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Competition ratios

Clinical radiology is a very rewarding career but getting a training post is competitive.

Key statistics from 2023:

  • There were 3068 applications for 350 ST1 training posts in England, Scotland & Wales.
  • There were on average 8.77 applications to every 1 post.

Click here for more information including statistics from previous years

What is a radiologist?

Overview on what a radiologist is and what they do

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Academic radiology training

As well as standard ST1 Clinical Radiology training, there is also the option to undertake a National Institute for Health Research (NIHR) Academic Clinical Fellowship (ACF).  An academic clinical fellowship is a specialty training post that incorporates academic training.  It’s aim is to give a platform to simultaneously develop academic and clinical skills for aspiring clinical academics.


NIHR Academic Clinical Fellows (ACFs) spend 75% of their time undertaking clinical radiology training and 25% undertaking research or educationalist training.  Doctors undertaking an ACF also receive a National Training Number (NTN) for Clinical Radiology.  It is important to note that usually you do not extend your ‘normal’ radiology training, even though you are only spending 75% of your time doing this.  This is what makes it so hard, and why deaneries rigorously interview you – you essentially have to do all clinical competencies whilst also doing academic work.

ACFs typically last 3 years and are usually during ST1-3.  During this time, alongside clinical radiology training, ACFs will be able to develop their academic skills and be supported in preparing an application for a Research Training Fellowship (to undertake a higher research degree such as a PhD) or an application for a place on an educational programme (also leading to a higher degree).  Success in these applications is defined as the end point of an ACF.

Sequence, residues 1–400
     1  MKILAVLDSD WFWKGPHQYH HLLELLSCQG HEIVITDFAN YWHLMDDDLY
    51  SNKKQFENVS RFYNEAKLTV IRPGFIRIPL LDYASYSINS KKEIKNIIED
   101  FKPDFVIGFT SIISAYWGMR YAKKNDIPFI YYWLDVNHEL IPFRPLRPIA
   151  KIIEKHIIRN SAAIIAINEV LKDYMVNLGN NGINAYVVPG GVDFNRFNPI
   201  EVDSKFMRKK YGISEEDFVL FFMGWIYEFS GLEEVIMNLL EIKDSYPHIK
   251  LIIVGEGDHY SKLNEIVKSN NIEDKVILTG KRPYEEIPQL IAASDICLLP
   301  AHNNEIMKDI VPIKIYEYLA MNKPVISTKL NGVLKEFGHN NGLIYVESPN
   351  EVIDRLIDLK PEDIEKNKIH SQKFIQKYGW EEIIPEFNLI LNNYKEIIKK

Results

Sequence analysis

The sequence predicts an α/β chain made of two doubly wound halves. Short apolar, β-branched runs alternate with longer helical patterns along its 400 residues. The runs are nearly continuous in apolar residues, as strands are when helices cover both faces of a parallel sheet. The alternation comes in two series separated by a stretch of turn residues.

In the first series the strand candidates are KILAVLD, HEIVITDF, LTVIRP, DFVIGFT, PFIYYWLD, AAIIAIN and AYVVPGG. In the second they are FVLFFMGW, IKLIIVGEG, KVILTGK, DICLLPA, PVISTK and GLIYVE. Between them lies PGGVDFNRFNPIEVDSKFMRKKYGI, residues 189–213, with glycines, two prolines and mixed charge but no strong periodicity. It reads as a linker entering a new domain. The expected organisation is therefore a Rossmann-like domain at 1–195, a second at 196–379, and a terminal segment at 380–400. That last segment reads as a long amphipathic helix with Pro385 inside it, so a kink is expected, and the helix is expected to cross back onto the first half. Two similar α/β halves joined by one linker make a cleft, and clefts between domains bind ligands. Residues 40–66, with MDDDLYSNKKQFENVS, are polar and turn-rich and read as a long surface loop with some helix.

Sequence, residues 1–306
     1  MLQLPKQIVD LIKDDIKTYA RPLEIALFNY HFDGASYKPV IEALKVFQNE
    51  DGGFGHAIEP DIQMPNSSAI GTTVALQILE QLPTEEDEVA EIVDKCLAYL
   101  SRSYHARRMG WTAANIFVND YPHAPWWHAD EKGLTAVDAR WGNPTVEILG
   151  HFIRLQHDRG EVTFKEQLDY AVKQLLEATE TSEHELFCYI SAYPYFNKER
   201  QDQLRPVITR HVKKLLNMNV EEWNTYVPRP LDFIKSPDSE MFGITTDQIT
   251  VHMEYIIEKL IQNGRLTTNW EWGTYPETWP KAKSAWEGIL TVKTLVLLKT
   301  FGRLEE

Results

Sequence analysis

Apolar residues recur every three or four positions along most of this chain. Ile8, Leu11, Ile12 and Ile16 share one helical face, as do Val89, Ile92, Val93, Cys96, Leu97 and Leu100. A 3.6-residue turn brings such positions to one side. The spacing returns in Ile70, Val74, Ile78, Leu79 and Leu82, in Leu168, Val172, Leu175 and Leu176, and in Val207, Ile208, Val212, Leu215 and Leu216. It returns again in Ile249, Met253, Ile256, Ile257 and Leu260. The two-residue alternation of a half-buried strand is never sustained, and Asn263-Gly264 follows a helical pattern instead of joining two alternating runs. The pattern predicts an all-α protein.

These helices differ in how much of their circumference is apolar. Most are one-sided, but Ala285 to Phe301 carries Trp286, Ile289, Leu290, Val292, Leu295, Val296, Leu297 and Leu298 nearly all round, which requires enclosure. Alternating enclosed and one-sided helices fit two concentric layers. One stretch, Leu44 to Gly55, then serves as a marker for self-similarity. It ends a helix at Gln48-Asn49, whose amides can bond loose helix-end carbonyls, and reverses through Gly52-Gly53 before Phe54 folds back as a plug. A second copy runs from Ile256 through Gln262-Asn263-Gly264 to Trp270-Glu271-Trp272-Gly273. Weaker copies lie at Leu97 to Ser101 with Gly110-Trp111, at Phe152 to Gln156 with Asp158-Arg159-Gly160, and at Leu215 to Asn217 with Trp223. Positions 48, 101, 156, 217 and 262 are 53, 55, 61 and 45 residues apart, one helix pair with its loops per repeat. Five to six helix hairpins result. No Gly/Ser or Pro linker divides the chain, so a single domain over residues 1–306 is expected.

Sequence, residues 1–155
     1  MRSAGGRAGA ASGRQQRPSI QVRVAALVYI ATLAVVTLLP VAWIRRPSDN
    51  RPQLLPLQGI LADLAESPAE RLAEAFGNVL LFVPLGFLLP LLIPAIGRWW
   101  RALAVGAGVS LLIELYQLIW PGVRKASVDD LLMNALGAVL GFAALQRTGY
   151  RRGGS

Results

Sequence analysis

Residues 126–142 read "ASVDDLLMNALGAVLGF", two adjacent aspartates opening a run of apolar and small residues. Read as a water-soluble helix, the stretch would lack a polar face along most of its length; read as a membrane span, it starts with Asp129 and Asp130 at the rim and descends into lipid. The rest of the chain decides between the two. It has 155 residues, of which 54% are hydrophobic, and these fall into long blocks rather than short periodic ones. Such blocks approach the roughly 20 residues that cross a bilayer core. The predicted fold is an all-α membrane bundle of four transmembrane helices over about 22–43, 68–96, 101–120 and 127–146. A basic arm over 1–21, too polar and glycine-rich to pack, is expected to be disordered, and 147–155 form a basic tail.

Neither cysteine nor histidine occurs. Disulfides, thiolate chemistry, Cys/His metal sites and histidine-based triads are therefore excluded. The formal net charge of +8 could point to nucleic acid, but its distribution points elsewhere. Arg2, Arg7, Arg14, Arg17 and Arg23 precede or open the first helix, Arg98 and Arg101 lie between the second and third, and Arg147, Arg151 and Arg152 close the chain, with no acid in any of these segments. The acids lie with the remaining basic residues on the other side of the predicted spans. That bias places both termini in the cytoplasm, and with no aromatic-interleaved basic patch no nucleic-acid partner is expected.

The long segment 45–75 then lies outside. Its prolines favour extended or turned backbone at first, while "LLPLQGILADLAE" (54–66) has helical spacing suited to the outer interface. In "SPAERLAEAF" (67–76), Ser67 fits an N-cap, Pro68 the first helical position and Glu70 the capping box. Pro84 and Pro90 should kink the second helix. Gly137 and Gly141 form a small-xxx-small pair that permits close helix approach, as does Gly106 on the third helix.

Therefore at the end of the 3 years of ACF you will either take time out-of-programme to complete the higher degree or you go back into training to complete ST4-5.  You still get your CCT after 5 years of training, however this does not include the extra time out-of-programme to undertake the higher degree, which is typically 3 years.

Radiology research looking at the quantitative analysis of fractional anisotropy on colour-coded principle eigenvector maps at the level of the decussation of the superior cerebellar peduncles (Nottingham)
Radiology research looking at the quantitative analysis of fractional anisotropy on colour-coded principle eigenvector maps at the level of the decussation of the superior cerebellar peduncles (Nottingham)

Application process

Applications for ACFs start earlier than normal speciality training.  The programmes on offer vary and change year-on-year depending on what funding is available to the deaneries and research networks.  For example, applications normally open in early October each year and close in November.

You must apply for the ACF post and also apply for standard ST1 clinical radiology training

The ACF application process includes several steps in addition to the normal ST1 recruitment process.  It is best to think of it as an additional process to go through.

ACF recruitment

ACF applications are all done through Oriel, exactly the same as normal clinical radiology ST1 applications.  They are advertised separately for each deanery so you will need to fill in each ACF application independently.  For example, a candidate may make 5 applications on Oriel – 4 ACFs to 4 deaneries and 1 generic clinical radiology ST1 application.